Many people spend long parts of their childhood — and sometimes even their later lives — dreaming of becoming a racecar driver, including the noble sport of NASCAR. Just about every NASCAR driver’s story you hear is some lifelong pursuit of motorsport excellence that likely started when they were just 4 or 5 years old. With that in mind, we come to our core question today: is it possible to become a NASCAR driver with no experience?
If you were in possession of a racing license, then there’s no absolute reason why you couldn’t become a NASCAR driver without having had prior experience. Perhaps the somewhat more important question here is how likely would it be that you succeeded in becoming one without having raced before. A number of things need to be firmly in place before you get your place on a NASCAR race course:
- You need your racing license at the NASCAR level, which generally requires completion of a lower-level license first
- You need the support and endorsement of a racing team, unless you happen to have enough money to found and finance your own team
- You need enough skill and success that you have enough sponsorship in place to keep your team financially viable while you race
Your regular driver’s license is not enough to start racing in NASCAR, or in any other serious motorsport, for that matter. Armed only with a regular driver’s license, you won’t get further than your local go-kart course.
To get a NASCAR license, one can apply through the organization’s online channels, or at any official NASCAR track. There are forms and waivers to fill out and sign in order to just get the process started. There’s also a drug test that applicants have to pass.
It is quite typical that before you’ll be considered for the highest-level NASCAR license to compete in the Cup Series, you’ll first need to compete at a lower level and accrue points to prove your mettle and skill.
This isn’t definitely the case, but given the nature of your competition and the roads they have taken to becoming a top driver, it’s unlikely that the organization would settle for anything less than that.
Technically speaking, if you do have the right kind of license, there’d be no legal obstacle to you becoming a NASCAR driver. If you were able to obtain that license without much formal racing experience, then one could say that it is technically possible to become a NASCAR driver with no experience.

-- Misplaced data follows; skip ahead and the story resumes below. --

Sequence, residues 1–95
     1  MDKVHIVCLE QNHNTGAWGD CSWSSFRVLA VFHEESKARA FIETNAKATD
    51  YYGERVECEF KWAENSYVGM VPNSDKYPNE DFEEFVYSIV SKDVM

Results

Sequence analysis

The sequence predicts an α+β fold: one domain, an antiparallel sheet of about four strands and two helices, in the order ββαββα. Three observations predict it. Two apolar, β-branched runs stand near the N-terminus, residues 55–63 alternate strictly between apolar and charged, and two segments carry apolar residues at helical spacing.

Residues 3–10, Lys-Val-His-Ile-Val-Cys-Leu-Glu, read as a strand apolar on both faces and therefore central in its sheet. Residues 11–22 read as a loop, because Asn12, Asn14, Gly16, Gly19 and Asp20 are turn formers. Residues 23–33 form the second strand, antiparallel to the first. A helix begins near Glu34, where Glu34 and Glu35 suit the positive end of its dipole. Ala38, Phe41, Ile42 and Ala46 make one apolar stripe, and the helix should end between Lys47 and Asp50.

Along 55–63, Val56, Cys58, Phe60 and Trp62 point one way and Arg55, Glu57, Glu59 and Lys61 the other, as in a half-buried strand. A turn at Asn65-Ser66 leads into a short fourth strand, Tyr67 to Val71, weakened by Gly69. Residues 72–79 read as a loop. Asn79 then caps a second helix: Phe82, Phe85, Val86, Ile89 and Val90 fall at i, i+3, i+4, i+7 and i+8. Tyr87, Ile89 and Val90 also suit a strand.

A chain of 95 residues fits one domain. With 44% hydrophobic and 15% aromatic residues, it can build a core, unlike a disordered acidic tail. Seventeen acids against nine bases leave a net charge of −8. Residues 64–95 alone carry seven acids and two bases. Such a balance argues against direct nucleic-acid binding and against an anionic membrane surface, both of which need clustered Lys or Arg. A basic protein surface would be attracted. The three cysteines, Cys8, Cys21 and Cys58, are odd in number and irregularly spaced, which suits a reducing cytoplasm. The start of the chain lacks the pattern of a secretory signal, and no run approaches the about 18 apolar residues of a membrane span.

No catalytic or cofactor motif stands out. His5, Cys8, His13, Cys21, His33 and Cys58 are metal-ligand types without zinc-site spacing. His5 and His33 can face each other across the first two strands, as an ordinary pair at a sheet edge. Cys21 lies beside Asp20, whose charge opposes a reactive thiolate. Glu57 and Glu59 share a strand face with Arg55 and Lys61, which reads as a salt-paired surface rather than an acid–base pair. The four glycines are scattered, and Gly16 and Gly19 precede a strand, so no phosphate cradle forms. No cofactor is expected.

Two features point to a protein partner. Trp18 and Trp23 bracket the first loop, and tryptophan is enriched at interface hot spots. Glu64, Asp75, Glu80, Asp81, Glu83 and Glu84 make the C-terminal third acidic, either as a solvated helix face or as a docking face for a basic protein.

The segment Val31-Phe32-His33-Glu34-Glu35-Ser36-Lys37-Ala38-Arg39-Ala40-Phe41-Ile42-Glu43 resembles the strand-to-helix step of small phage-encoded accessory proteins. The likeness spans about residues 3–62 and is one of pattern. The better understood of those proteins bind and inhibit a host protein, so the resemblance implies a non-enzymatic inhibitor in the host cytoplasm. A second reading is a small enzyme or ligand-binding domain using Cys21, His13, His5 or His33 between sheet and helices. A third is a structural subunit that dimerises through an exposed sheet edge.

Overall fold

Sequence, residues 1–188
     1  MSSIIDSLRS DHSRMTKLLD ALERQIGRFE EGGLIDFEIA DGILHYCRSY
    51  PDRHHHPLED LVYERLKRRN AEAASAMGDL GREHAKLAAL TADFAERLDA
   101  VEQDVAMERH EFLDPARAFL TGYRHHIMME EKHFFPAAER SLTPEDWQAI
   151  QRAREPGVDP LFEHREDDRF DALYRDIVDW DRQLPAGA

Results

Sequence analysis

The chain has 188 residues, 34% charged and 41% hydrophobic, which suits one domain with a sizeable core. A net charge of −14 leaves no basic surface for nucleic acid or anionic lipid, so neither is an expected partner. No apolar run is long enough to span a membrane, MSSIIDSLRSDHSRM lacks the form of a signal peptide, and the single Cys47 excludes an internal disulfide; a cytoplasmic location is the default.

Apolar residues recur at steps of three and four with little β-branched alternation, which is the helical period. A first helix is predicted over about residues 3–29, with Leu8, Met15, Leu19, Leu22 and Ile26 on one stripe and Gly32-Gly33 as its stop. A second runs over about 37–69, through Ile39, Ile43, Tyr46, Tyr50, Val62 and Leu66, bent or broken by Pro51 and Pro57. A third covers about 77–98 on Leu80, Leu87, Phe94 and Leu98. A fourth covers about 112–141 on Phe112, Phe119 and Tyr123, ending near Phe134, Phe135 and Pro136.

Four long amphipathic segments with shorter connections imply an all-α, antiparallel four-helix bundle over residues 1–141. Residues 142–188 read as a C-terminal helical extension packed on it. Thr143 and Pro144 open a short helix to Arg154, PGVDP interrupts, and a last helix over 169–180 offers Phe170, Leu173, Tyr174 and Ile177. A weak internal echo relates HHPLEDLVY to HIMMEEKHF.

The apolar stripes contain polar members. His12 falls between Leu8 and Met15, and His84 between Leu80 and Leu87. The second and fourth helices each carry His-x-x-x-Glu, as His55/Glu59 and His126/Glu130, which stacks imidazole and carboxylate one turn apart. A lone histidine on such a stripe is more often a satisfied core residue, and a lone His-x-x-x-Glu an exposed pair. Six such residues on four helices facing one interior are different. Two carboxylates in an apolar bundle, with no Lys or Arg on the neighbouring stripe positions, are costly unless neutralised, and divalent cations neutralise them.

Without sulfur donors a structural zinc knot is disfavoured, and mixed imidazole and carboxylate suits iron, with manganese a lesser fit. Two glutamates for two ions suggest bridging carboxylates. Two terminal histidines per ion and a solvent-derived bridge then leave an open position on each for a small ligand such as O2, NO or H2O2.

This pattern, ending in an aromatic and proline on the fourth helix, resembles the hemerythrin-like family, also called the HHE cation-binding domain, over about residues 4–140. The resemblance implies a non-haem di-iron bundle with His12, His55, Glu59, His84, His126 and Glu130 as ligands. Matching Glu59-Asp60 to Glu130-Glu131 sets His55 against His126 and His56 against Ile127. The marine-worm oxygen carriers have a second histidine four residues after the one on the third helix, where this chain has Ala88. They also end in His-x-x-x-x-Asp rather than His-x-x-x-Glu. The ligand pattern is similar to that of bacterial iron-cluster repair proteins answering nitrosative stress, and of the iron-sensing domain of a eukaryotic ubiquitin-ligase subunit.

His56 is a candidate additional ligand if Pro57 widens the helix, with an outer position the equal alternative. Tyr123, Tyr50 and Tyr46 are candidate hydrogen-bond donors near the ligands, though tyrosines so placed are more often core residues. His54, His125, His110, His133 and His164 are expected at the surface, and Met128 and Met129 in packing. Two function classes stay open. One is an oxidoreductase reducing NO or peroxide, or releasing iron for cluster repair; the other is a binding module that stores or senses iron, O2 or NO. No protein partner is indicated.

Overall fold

However, other factors make that a near impossible thing in the real and practical world.
NASCAR is a clash of individual drivers, for sure, but none of those drivers would be there without the wholehearted and committed support of their team. To be clear, teams are different from manufacturers in NASCAR.
Contrary to some people’s belief, Ford, Toyota and Chevrolet are not teams in the sport, but rather “manufacturers” who supply teams with the cars and parts they need to equip their racers.
To get into NASCAR, you need team support, though if you happen to have some special connection with Ford, Toyota, or Chevy’s racing divisions, then perhaps they can help to make the right introductions. Lacking that — as the vast majority of people would — you need the genuine attention and admiration of a real team.
The team essentially finances your journey into NASCAR. In return, they hope to make that money (and some healthy profit) back from your victories and hopefully from the sponsorships that your growing reputation will attract.
With the right connections to a team or at least its leadership, you could well find yourself a NASCAR racer with little to no experience, but once again it seems unlikely. In a world where teams are under pressure from their sponsors and investors to choose only the best and most proven drivers, it’s unlikely even the most enthusiastic team leader or other figure could justify choosing a driver of so little experience or pedigree.
To become a serious contender for any NASCAR team, you really need to be someone that sponsors either already like, or will come to like. One might easily think that it’s purely down to one’s racing skill, but in this modern age of social media and sensitive public attention to various matters, there’s quite a bit more to it now.
Without the racing experience, you’d have to rely on sponsors knowing that you are nonetheless someone of excellent driving skill, and also an individual of formidable character.
When one understands the typical path of the NASCAR driver, you start to notice a certain number of things that they generally have in common:
- They started racing from a very young age, probably karts first, but then moving up the ladder
- They have participated in other lower competitions such as the NASCAR K&N Pro Series
- They have had lifelong connections to the sport, either through parents who were drivers or pit crew members, or something similar
Now, this isn’t to say that these are the only ways into the sport — particularly the third point — but the reason they’re common features is because it remains the best way to guarantee a spot. Most of this generally applies to the Cup Series, of course.
The lower series such as XFinity could well be more open to those with less experience, and therefore one could say technically getting into NASCAR with no experience is just a matter of getting that all-important license.
However, the most-loved Cup Series is a special league of its own, both literally and figuratively, and without experience it would seem that it’s very unlikely that any driver would be able to become a part of it.